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Thursday, October 12, 2017

Meet Jenevieve Arrigan: Kickass Technical Architect


This week on the blog, I'm excited to introduce you to one of my Dreamforce co-presenters, Jenevieve Arrigan. She is one of the mentors I met and friends I made during my Appirio chapter. Jenevieve is a Technical Architect and founder of Escapist Reality, a firm focused on video game development, consulting, gamification, writing, video content creation, and real-world adventuring.
Jenevieve Arrigan


I'm super jazzed to be speaking about the journey from admin to architect at Dreamforce with Jenevieve, but wanted to learn more about Jenevieve's interests apart from the cloud.... So, nod to SaaSyforce Lauren Jordan, who introduced me to the digital interview concept. Interviews are a great way to learn more about community rockstars. Keep reading to learn more about Jenevieve. Her interview is obviously peppered with helpful Salesforce tips.


1. What is it like to work for yourself? How is your current role different from working at a traditional consultancy? 

Escapist Reality
Working for myself is amazing. It’s empowering, it’s liberating, but perhaps most surprising is that it is so relaxing. When I was part of a larger organizations and a more traditional consultancy, I struggled with being someone who was several steps away from decision makers, and I felt powerless to affect positive change. I’m a really empathetic person and it depressed me to see things that I know were negatively affecting team members and clients, things that I felt had solutions, and yet I was blocked by politics, bureaucracy, and my own inability to climb the corporate ladder further. 

It only has been recently, as I’ve been consulting on my own projects at Escapist Reality, that I noticed how happier I am doing effectively the same work. The big difference is that I’m not wasting significant amounts of psychic energy on negative elements at work that I can’t influence but yet still affect me.

So while I’ve taken on a whole new array of stresses starting my own business, I have never been so relaxed in the execution of my profession.


2. How long have you worked in an IT-type function? 

I first started getting paid to write code when I was high school, writing Visual C++ for my father.  But I started supporting myself primarily through IT work while I was in college, initially doing freelance web development, eventually becoming the webmaster of a human services company. So it’s been about 16 years where I was supporting myself through IT-type functions.


3. What did your career journey look like? Feel like? 


My career journey started with intense hubris, followed by constant learning - sometimes the hard way, and ultimately brought me to a place of confidence and humility.

One of the most valuable gifts that my father gave me was the ability to code. I don’t know if he knew how empowering it would be, but the course of my life changed when, as a third-grader, on 386 and MS-DOS, my father started to teach me to code.

Turbo Basic was my first language and by fourth grade my friend and I had written our first video game. It was adorable. It was so poorly written, but it worked. And it made me believe that I could do anything with a computer.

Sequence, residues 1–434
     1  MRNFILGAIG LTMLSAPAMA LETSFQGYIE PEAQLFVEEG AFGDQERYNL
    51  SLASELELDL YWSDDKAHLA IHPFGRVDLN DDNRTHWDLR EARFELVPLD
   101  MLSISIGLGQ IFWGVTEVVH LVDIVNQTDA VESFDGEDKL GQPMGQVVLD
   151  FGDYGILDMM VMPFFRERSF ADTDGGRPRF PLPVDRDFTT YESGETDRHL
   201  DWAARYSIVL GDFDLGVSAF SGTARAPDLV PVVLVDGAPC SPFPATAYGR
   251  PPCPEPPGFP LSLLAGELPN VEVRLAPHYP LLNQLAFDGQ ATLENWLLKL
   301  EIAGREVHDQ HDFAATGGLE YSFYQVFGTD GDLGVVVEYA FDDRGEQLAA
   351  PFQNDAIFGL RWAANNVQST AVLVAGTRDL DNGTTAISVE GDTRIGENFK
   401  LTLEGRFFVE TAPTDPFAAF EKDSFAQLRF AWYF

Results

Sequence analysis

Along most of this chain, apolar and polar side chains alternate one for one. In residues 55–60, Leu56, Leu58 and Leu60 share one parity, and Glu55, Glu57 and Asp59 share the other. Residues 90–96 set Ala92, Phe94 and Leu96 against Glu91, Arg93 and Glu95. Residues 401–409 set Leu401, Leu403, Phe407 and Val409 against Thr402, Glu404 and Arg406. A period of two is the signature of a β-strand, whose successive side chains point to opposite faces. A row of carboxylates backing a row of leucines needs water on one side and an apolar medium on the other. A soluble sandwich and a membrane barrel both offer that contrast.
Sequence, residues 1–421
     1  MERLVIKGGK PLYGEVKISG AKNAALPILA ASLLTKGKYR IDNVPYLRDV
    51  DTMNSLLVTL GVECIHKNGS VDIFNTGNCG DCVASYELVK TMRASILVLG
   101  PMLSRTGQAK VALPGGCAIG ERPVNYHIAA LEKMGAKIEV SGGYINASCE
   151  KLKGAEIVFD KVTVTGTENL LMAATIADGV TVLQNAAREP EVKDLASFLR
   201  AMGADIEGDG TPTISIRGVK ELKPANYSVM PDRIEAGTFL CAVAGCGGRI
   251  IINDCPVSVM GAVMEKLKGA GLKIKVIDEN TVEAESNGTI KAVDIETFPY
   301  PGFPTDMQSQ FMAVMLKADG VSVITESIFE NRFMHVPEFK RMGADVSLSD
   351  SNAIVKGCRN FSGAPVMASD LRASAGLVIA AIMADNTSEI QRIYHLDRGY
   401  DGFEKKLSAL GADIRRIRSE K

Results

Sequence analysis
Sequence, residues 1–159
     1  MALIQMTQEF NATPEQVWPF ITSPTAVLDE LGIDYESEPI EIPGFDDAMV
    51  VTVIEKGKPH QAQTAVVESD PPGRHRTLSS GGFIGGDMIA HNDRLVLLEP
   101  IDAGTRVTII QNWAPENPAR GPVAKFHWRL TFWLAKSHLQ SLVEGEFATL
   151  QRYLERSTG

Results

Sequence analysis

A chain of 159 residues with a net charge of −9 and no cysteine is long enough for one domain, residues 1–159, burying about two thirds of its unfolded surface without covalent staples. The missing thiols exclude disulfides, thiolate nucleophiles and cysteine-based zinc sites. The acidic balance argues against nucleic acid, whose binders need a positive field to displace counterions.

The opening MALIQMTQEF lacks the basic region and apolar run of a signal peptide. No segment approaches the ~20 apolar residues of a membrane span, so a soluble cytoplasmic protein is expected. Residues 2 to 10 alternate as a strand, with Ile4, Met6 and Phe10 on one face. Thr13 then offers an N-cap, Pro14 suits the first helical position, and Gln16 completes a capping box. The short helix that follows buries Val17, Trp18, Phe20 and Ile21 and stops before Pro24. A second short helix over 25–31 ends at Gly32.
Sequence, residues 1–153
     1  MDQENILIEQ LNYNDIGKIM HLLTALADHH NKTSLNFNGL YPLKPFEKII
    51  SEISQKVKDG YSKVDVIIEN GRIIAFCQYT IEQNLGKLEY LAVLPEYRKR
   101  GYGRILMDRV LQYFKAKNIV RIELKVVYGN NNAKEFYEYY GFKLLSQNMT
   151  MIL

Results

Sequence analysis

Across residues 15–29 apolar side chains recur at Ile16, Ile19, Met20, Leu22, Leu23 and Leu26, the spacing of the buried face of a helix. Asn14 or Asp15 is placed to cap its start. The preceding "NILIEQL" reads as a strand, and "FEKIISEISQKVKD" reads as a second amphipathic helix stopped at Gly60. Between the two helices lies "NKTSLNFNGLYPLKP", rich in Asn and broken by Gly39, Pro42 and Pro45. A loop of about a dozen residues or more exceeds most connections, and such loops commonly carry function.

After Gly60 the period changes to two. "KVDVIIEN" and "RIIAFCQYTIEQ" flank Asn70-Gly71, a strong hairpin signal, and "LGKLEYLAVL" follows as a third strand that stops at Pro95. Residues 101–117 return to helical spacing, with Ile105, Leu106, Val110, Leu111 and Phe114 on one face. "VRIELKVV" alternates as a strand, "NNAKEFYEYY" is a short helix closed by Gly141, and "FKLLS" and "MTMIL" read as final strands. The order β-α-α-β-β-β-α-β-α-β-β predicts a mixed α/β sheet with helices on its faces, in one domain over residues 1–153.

Throughout my childhood I continued to teach myself code and learn from friends. By the time I went to college, I was confident that I could always get a job in tech; it became my safety-career. It was a hobby and a passion, but knowing that I had a backup plan that was a high-paying, high-demand job allowed me to take a lot of risks through college. Eventually, after eight years, I graduated with a BA in English with a focus on Literary Theory and Creative Writing. I didn’t know it at the time, but it was perfect preparation for consulting.

Throughout college, and in my first career afterwards where I was the only web developer at the company, almost all of my technical knowledge was self-taught. I read dozens of books on code, did the exercises, made sure I understood the concept, experimented, and continued to learn. During this time, I learned how to learn.

When I eventually joined the cloud-computing consultancy Appirio, I finally found myself feeling like the least capable person in the room. I was confident in my abilities, but I was in awe of the brilliance of the people around me. I had never learned so much, so quickly, in my entire life. It was a truly powerful experience to see what an incredible team looks like. And as my career grew, and I found myself in the positions where people looked to me for help, I tried my best to be available, to give guidance, train and teach, and be a friend.

I’ve found that my eclectic background in jobs and education turned out to come together perfectly in the field of enterprise consulting. Being a technical person who is able to communicate successfully to nontechnical people put me a relatively unique position.

When I eventually left a large consulting company to start my own, I did so with a confidence that even if my own company never made it to the point of being able to support my lifestyle, I had skills in high demand, and the ability to learn. I can work anywhere in the world as long as I have internet. It’s a super empowering position to be in.